It is unfortunately not possible to analyse antiretroviral coverage at a district level, since numbers of patients on antiretroviral treatment are not published at a district level, either for the public sector or the private sector. In addition, the ASSA2003 model that is used in the denominator of the antiretroviral coverage calculation has not been applied at a district level.
References and Related Links

Southern African HIV Clinicians Society (2008) Guidance for antiretroviral therapy in HIV-infected infants less than 1 year of age. Southern African Journal of HIV Medicine, 9(4): 34-35; 
World Health Organisation (2008) Report of the WHO Technical Reference Group, Paediatric HIV/ART Care Guideline Group meeting, WHO headquarters, Geneva, Switzerland, 10 – 11 April 2008. WHO: Geneva.

 
2 Department of Health (2005) Guidelines for the management of HIV-infected children – 2005. Pretoria: DoH. Available: www.doh.gov.za/docs/index.html
 
3 Department of Health (2008) National Comprehensive HIV and AIDS plan statistics. Pretoria: DoH. [Unpublished] 
 
4 Johnson LF & McLeod HD (2007) Steady growth in antiretroviral treatment provision by disease management and community treatment programmes. South African Medical Journal, 97(5): 358-35.
 
5 Doherty T, Besser M, Donohue S, Kamoga N, Stoops N, Willimason L & Visser R (2003) An Evaluation of the Prevention of Mother-to-child Transmission (PMTCT) of HIV Initiative in South Africa: Lessons and Key Recommendations. Durban: Health Systems Trust.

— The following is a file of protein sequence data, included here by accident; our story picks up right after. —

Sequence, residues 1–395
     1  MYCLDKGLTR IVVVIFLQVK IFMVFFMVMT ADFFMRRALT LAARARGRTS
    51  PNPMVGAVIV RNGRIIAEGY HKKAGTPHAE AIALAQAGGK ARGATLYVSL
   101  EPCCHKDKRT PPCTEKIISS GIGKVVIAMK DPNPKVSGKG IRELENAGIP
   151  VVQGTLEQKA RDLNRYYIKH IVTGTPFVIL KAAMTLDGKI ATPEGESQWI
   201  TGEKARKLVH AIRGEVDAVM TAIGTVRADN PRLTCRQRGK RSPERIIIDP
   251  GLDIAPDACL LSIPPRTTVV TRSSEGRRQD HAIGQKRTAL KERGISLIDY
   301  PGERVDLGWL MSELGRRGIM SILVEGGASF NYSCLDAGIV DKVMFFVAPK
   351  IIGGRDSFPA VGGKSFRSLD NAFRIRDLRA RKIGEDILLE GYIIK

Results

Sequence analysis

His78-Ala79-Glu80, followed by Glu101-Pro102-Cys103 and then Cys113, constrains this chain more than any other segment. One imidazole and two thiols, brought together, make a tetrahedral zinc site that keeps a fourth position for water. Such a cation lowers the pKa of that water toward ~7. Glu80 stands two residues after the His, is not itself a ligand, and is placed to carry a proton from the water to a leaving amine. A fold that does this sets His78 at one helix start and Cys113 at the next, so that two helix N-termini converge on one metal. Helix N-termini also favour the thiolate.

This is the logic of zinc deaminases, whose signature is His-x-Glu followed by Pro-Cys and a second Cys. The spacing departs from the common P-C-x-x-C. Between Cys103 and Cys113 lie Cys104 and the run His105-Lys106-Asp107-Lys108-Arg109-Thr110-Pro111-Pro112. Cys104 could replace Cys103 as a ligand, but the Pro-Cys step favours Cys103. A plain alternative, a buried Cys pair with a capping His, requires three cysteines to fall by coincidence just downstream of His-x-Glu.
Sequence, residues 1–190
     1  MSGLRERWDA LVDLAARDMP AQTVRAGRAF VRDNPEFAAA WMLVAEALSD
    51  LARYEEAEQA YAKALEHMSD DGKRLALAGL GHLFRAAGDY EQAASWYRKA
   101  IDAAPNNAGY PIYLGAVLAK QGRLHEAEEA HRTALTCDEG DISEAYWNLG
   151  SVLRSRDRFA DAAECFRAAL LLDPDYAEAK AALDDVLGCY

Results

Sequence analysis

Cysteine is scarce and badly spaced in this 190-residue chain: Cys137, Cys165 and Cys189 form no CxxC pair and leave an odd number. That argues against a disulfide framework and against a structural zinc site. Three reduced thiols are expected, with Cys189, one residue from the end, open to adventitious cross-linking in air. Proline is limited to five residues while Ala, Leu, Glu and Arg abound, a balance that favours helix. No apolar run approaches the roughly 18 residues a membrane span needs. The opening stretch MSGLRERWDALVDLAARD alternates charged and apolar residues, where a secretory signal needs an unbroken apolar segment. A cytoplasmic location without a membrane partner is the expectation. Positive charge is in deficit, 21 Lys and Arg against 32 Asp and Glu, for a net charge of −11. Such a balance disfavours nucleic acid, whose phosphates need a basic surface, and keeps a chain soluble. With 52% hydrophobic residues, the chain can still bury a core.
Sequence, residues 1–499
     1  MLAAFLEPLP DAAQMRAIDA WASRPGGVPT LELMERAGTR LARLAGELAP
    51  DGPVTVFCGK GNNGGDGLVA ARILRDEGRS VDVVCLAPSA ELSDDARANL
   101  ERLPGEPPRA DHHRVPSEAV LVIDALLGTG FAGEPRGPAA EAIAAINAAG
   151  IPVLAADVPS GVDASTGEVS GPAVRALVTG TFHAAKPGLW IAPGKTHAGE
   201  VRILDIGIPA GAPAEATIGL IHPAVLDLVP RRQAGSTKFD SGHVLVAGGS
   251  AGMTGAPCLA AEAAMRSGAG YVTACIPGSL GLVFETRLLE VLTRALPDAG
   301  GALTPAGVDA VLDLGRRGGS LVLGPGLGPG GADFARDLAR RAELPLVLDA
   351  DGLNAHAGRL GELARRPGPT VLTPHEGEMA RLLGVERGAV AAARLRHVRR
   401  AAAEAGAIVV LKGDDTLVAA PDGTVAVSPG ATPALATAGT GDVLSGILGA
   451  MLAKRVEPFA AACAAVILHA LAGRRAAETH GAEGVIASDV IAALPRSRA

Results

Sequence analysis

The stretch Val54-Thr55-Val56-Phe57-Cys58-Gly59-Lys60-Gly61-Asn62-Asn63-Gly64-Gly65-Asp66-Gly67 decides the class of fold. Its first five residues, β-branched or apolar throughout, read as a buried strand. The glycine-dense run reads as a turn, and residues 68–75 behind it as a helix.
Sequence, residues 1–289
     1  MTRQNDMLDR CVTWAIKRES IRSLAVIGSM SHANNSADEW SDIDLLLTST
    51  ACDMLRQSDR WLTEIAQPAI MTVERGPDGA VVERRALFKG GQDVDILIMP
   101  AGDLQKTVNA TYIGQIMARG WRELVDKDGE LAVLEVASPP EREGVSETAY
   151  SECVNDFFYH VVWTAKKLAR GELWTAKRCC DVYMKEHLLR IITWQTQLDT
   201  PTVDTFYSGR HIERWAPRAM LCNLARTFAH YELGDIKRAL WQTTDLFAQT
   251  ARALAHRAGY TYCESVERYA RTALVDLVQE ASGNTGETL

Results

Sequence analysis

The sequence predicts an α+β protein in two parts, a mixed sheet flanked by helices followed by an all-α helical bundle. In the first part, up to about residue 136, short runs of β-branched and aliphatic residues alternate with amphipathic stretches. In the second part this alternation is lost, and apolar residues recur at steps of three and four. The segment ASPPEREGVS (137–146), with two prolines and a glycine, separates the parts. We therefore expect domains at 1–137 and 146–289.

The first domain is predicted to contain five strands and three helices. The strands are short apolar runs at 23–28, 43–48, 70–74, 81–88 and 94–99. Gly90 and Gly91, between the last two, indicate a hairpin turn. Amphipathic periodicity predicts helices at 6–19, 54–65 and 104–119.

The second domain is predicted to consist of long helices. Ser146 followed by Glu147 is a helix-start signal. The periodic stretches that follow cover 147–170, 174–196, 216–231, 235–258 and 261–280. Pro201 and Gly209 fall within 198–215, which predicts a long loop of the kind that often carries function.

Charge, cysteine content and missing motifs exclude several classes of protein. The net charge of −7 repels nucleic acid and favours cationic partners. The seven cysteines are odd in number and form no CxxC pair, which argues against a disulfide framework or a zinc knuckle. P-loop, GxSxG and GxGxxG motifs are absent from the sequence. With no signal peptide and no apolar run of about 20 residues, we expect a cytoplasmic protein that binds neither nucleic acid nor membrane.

6 Ibid.
 
7 Shisana O, Rehle T, Simbayi LC, Parker W, Zuma K, Bhana A, Connolly C, Jooste S & Pillay V (2005) South African National HIV Prevalence, HIV Incidence, Behaviours and Communication Survey, 2005. Cape Town: HSRC Press. Available:
 
Author: Leigh Johnson (Centre for Infectious Disease Epidemiology and Research, University of Cape Town)

Definition
This indicator is calculated as the number of children under 15 years starting antiretroviral treatment (ART) in a particular year, divided by the estimated number of new paediatric HIV infections over the same year.
Commentary
It is crucial for HIV-positive children to receive antiretroviral treatment (ART) early. Without treatment, more than 30% of children who were infected at birth will die before their first birthday. This indicator is a measure of children's access to ART. It is defined as the proportion of newly infected children starting ART. It is calculated as the number of children starting ART in a particular year, divided by the estimated number of new paediatric HIV infections over the same year.

Access to antiretroviral treatment for children has improved substantially over the past six years, with the proportion of newly infected children starting antiretroviral treatment increasing from 2% between mid- 2002 and mid-2003, to 37% between mid-2007 and mid-2008. More than 21,000 children started treatment during the 2007/08 period, approximately 5,000 more than in the previous year.

Antiretroviral coverage for children varies significantly between provinces, from 22% in the Free State to 97% in the Western Cape over the 2007/8 period. The Western Cape, Northern Cape and North West are the only provinces in which ART reached more than half of children acquiring HIV. The exceptionally high coverage in the Western Cape is not only the result of antiretroviral roll-out to children, but also a reflection of the success of the prevention of mother-to-child transmission programme, which has dramatically reduced the annual number of new HIV infections in that province. Northern Cape has also performed well in treating newly infected children (96% in 2007/08).